- Oops!Something went wrong.Please try again later.
A Major League Soccer team in Sacramento seemed like a sure thing until billionaire Ron Burkle ditched the city at the altar and backed out of the deal last week. Now Sacramento leaders are scrambling for new investors to try and salvage a massive economic engine that would anchor the long-awaited transformation of the downtown Railyards.
On Friday, Burkle told the MLS “that based on issues with the project related to COVID-19, he has decided to not move forward with the acquisition of an MLS expansion team in Sacramento,” according to a league statement. Construction of the 20,000-person stadium was supposed to begin last year but the pandemic prompted the MLS to pause for one year.
Projected costs for the stadium have grown significantly since Sacramento landed the MLS expansion bid in October 2019. That, coupled with Burkle’s reluctance about the expansion fee to promote Sacramento Republic FC to the major league, which was once $75 million, prompted his surprise decision to drop out.
“That increased to $150 million and, on the day Sacramento was announced as the lead candidate for the 30th spot, had jumped to $200 million, a change that caused Burkle to hesitate initially,” wrote The Sacramento Bee’s Marcos Bretón and Tony Bizjak. “Meanwhile, the price to construct a stadium in the Railyards increased from less than $300 million to about $400 million due to pandemic-caused delays, as well as higher construction and materials costs.”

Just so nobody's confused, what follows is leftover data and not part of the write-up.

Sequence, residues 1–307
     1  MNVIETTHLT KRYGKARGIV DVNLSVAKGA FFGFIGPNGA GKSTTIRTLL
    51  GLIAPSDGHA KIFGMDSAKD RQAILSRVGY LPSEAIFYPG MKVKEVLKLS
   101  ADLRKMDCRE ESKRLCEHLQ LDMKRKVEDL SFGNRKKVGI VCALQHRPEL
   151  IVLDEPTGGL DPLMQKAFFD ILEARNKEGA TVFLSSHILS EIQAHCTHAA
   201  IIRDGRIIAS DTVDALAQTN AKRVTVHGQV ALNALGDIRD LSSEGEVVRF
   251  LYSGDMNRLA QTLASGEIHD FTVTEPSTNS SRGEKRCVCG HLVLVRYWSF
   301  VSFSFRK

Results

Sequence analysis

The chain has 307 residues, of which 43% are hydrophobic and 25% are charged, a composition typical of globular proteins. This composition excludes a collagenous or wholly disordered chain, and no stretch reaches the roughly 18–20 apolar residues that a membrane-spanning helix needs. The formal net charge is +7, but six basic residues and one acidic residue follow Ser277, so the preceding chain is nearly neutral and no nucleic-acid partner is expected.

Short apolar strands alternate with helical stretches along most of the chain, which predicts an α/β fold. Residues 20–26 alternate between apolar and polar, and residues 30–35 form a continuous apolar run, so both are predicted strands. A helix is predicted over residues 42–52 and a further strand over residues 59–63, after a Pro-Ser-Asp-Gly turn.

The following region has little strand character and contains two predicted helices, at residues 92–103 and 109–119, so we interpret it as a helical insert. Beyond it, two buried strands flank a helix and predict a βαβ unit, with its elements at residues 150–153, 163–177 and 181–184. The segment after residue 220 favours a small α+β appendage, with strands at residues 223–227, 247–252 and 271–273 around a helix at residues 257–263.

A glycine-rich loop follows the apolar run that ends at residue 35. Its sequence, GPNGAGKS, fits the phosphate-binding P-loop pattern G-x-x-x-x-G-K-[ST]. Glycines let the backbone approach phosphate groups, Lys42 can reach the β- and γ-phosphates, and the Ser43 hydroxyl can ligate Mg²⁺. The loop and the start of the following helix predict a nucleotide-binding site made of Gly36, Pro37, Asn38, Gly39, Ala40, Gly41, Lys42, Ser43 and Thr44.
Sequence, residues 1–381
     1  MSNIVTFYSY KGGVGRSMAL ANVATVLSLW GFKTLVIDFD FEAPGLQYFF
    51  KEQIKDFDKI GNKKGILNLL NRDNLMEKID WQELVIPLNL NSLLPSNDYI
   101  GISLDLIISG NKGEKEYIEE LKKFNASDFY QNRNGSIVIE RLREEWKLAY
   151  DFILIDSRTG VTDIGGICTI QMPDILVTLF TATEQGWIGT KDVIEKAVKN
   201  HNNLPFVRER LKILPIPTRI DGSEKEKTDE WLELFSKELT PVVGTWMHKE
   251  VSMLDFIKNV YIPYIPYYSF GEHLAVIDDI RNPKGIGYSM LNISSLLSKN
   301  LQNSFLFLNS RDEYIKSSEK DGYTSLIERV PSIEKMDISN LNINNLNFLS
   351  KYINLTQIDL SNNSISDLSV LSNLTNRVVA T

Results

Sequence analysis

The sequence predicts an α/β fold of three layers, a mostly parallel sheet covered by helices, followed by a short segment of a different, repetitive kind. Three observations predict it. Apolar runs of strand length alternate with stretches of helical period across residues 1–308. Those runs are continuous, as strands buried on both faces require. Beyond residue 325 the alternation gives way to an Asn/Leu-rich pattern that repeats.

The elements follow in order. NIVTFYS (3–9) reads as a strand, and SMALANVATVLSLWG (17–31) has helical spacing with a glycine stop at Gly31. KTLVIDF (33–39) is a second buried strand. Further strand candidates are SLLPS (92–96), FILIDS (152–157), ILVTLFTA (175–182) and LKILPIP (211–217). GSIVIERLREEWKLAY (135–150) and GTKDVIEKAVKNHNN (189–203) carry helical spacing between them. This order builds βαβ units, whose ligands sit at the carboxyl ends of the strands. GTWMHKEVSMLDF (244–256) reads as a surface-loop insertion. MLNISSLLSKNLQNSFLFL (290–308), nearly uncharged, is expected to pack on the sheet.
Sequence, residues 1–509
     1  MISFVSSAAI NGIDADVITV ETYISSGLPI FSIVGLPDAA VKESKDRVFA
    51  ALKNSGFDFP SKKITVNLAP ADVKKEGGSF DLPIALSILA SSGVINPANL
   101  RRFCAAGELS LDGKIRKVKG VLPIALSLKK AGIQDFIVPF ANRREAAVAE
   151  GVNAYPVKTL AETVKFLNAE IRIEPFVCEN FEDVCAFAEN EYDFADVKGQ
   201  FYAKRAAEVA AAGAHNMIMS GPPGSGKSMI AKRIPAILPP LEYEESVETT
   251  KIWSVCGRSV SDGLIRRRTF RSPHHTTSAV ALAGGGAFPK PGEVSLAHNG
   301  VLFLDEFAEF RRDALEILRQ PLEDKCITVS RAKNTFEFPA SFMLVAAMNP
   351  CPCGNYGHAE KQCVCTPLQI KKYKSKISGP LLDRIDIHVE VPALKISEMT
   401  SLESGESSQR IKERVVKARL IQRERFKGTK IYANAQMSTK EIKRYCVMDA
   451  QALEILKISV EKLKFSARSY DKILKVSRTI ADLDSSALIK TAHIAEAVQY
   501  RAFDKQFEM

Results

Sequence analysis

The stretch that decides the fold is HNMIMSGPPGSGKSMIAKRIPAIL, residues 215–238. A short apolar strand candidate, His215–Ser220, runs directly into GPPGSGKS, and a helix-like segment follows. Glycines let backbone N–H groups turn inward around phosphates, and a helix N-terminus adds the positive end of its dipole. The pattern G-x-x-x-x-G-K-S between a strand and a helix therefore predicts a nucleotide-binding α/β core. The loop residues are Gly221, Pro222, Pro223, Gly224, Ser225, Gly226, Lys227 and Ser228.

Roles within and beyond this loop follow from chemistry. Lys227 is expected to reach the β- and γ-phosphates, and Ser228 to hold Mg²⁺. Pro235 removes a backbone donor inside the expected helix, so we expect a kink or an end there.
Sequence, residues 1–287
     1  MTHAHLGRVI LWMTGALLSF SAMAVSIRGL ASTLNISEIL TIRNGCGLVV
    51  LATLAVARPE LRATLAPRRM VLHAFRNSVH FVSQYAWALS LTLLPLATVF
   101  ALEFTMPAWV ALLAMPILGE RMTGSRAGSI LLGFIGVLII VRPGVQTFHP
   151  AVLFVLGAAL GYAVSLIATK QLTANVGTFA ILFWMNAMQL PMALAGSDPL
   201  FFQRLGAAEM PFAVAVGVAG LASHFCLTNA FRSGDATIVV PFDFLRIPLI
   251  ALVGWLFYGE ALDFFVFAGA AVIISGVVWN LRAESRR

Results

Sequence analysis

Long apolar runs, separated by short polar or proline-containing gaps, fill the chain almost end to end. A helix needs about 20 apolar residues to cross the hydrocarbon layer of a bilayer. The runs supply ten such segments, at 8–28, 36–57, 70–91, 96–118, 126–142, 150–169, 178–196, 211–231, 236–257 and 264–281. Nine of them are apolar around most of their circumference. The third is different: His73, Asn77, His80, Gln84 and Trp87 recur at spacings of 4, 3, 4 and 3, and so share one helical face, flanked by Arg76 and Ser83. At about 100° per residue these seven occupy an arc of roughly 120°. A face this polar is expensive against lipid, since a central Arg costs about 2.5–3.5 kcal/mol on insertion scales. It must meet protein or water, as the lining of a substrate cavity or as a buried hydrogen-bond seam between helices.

Sacramento is facing several difficult crises, including the COVID-19 pandemic, homelessness and a shortage of affordable housing. Securing a professional sports team may seem like a distraction, but Sacramento needs the $1 billion of downtown investment to create jobs and housing.
The economic boom from a fully-envisioned Railyards development, which includes a new Kaiser hospital, hundreds of new housing units, shopping and a 5,000-seat venue, would pour millions of dollars into the Sacramento economy as we emerge from this devastating pandemic. The city would receive as much as $900,000 in annual revenue from the new stadium alone, and benefit from $30.5 million in annual spending, according to an October 2015 study.
Mayor Darrell Steinberg and the city council have already shown their commitment to increase spending on affordable housing, homeless services and youth programs under Measure U. A boost in yearly sales tax revenues would expand those investments.
The city already committed $33 million to finance necessary infrastructure and remove government red tape. Steinberg told The Bee his “phone is ringing off the hook” with “significant interest” from major investors. Republic FC owner Kevin Nagle said he has “been receiving serious inquiries since Friday’s news broke.”
That’s good news. The Railyards development is the largest urban infill project in the country, and would create a vibrant downtown core for future generations to enjoy. The stadium has long been viewed as the catalyst. Scrapping this project would be a gut-punch to Sacramento at a time when the city needs investment and new jobs.
Hopefully, Steinberg and Nagle can find new investors and keep Sacramento’s MLS dreams alive without asking for more taxpayer money.